You never see a job ad seeking an introvert.
Wanted: Aloof, reserved, sometimes socially awkward team leader who prefers to brainstorm in private.
No, they go for extroverts, the kind of people who walk into a room and own it, who hit the floor running and let everybody know it.
The typical ad would overlook a few introverts you know: Albert Einstein, who is quoted as saying, "The monotony and solitude of a quiet life stimulates the creative mind." Marissa Mayer, former Yahoo! CEO, called herself "geeky and shy." And Facebook COO Sheryl Sandberg described her boss Mark Zuckerberg as "shy and introverted, and he often does not seem very warm to people who don't know him." These are mega-successful people who seem to feel they chronically come up short in the corporate personality pageant. But why?
Psychiatrist Carl Jung came up with the terms introvert and extrovert in the 1920s. He said introverts get energy from being alone, while extroverts get it from their surroundings and relationships. Then there's a middle ground: ambiverts.
There are some differences in the way introverts and extroverts are wired. Dopamine is an example. It's the chemical that makes us feel good when we receive positive stimulation. Extroverts need a lot of stimulation to feel the dopamine effect; introverts just need a little.
Research shows that introverts are:
Problem solvers: They use the frontal cortex of their brain, which means they are strong at "taking in data, integrating it with stored information, and generating higher-order solutions and responses."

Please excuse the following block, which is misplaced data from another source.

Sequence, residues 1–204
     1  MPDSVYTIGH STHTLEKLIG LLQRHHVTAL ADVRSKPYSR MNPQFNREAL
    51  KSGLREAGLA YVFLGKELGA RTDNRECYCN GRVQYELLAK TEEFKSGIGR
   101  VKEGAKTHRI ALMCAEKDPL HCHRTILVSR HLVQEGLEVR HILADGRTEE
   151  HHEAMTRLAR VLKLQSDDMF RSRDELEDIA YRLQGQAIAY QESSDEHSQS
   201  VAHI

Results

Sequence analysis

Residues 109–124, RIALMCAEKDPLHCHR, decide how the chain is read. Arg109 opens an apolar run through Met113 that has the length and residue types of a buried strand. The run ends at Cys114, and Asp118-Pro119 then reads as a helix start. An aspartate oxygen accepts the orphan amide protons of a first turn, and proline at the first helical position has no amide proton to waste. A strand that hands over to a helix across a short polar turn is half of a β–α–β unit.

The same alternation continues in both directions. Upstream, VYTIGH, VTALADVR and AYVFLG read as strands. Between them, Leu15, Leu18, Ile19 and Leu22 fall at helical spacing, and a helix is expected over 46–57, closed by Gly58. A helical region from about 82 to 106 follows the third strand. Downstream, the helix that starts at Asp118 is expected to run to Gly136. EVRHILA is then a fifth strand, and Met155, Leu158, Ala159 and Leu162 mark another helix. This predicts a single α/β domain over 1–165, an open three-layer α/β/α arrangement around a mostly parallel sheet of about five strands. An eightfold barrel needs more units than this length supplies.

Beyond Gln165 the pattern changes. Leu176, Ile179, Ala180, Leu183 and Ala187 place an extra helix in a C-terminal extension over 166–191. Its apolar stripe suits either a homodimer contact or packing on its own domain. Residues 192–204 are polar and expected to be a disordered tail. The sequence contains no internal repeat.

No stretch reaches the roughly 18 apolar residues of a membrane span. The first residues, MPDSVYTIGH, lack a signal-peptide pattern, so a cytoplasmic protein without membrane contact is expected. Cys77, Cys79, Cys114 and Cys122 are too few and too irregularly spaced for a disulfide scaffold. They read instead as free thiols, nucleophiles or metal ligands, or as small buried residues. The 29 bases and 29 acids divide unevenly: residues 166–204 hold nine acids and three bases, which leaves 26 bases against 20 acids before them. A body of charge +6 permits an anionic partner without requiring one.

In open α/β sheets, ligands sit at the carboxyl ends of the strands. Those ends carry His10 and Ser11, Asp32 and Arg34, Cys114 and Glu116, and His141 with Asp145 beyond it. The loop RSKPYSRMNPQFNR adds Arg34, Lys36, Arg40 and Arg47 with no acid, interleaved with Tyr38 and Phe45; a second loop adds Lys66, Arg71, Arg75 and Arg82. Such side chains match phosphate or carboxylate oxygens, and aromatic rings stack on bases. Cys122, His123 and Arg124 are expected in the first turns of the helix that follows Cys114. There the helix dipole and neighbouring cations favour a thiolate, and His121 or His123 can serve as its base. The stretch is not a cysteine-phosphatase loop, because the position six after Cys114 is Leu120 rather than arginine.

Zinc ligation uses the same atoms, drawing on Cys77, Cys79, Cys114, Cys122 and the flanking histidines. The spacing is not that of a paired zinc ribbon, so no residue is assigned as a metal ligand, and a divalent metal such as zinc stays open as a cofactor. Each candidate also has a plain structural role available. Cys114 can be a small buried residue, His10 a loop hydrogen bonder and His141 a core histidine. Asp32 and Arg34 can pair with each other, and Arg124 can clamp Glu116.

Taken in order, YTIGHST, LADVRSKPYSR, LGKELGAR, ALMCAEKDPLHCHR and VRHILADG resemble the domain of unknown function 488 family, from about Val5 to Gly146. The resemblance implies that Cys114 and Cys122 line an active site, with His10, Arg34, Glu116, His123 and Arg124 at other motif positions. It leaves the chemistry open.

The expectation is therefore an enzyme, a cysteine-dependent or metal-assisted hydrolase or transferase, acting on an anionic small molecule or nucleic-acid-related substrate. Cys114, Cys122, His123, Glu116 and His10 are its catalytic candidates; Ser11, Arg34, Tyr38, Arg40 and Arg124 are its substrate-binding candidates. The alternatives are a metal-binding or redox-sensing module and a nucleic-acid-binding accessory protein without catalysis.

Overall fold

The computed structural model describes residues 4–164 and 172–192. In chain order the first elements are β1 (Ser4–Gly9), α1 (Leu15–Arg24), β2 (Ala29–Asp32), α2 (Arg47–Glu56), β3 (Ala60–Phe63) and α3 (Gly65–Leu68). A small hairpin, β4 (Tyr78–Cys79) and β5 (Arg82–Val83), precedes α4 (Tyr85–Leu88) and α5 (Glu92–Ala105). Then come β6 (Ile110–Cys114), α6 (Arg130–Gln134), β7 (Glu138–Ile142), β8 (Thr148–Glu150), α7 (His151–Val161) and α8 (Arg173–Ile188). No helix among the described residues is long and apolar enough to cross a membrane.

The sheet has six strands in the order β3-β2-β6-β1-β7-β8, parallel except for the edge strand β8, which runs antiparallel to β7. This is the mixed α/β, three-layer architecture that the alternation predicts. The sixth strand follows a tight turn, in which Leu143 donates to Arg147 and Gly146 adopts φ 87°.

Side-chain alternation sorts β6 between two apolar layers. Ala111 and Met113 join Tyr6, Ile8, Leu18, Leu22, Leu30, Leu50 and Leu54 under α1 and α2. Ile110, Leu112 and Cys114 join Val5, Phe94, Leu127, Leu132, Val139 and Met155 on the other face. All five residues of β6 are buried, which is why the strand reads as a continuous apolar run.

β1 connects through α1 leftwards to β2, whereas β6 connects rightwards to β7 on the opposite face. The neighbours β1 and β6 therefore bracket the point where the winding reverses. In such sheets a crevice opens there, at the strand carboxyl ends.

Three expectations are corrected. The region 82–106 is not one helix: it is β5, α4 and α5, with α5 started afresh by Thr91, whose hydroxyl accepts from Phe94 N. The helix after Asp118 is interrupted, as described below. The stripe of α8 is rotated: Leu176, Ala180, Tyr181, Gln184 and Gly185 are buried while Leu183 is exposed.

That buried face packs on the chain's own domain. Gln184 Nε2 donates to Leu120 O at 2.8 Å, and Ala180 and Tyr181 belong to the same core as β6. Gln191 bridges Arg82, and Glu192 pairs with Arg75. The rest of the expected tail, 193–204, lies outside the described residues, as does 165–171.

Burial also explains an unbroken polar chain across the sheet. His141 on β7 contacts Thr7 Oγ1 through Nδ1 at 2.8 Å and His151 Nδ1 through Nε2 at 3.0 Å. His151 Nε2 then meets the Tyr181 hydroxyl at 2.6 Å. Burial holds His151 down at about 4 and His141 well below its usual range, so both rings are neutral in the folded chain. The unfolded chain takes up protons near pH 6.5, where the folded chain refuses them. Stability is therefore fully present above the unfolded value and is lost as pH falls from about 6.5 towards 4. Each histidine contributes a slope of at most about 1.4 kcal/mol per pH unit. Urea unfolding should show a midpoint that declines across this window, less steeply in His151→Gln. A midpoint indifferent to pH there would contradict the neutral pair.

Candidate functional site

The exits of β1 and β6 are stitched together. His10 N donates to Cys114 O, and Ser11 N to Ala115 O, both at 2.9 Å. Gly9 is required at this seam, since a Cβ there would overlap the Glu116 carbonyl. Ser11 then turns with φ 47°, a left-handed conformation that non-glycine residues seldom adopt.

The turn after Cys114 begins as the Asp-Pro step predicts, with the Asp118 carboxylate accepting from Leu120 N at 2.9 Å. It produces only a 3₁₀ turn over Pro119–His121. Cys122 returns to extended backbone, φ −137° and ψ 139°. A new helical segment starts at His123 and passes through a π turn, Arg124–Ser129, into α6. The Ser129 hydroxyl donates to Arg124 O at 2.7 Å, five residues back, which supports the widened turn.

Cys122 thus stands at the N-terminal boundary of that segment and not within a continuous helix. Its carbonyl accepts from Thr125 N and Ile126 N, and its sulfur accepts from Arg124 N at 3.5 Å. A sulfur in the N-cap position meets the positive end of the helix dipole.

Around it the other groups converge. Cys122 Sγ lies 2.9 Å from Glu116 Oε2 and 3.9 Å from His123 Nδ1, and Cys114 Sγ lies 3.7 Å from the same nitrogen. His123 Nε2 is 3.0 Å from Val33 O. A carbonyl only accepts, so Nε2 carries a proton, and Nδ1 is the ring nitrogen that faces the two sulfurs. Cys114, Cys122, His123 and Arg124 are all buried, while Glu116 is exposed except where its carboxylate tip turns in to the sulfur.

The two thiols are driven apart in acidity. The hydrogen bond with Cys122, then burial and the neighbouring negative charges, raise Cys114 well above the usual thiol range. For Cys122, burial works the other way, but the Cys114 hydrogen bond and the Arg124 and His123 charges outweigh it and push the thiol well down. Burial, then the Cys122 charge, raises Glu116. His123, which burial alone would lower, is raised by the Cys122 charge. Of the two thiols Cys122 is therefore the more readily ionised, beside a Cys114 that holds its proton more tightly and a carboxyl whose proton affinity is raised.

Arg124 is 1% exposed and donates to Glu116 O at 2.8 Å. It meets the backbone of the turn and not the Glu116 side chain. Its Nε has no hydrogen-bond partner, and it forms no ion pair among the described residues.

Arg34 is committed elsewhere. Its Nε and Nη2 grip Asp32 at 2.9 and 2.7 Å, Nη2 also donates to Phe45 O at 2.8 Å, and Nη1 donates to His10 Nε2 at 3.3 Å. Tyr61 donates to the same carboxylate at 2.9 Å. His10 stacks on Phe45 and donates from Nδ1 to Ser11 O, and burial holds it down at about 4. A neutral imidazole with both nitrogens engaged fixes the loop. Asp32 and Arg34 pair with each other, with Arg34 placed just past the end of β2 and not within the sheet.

Well prepared: That's because they tend to take longer to think through things than extroverts do.
Strong writers: They are naturally comfortable expressing themselves on paper.
Unique leaders: They tend to have a calming presence, do not dominate conversations, and are good at pulling together information.
A few more notable traits of introverts, according to research: Observant, good listeners and self-motivated. Oh, and introverts are good friends. Extroverts, of course, also can have all of these traits, but they're commonly overlooked in introverts.
Susan Cain, author of the much-quoted book "Quiet," sums it up this way: "Introverts are to extroverts what American women were to men in the 1950s — second-class citizens with gigantic amounts of untapped talent."
Maybe it's time to reword those job ads. A quiet, strategic thinker is an awfully powerful asset — even if they're not turning cartwheels in team meetings.